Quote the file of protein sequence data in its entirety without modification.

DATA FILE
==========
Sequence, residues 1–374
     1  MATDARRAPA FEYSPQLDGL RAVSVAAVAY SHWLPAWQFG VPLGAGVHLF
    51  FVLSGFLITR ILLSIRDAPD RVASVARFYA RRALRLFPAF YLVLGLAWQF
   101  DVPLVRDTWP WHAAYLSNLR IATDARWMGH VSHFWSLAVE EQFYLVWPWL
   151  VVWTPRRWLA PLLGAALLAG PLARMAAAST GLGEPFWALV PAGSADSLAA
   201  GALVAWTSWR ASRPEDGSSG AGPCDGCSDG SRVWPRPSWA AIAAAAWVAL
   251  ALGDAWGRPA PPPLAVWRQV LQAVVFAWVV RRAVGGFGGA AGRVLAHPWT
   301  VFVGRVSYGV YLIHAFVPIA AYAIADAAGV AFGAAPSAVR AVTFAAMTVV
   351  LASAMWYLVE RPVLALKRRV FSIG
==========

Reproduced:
Sequence, residues 1–374
     1  MATDARRAPA FEYSPQLDGL RAVSVAAVAY SHWLPAWQFG VPLGAGVHLF
    51  FVLSGFLITR ILLSIRDAPD RVASVARFYA RRALRLFPAF YLVLGLAWQF
   101  DVPLVRDTWP WHAAYLSNLR IATDARWMGH VSHFWSLAVE EQFYLVWPWL
   151  VVWTPRRWLA PLLGAALLAG PLARMAAAST GLGEPFWALV PAGSADSLAA
   201  GALVAWTSWR ASRPEDGSSG AGPCDGCSDG SRVWPRPSWA AIAAAAWVAL
   251  ALGDAWGRPA PPPLAVWRQV LQAVVFAWVV RRAVGGFGGA AGRVLAHPWT
   301  VFVGRVSYGV YLIHAFVPIA AYAIADAAGV AFGAAPSAVR AVTFAAMTVV
   351  LASAMWYLVE RPVLALKRRV FSIG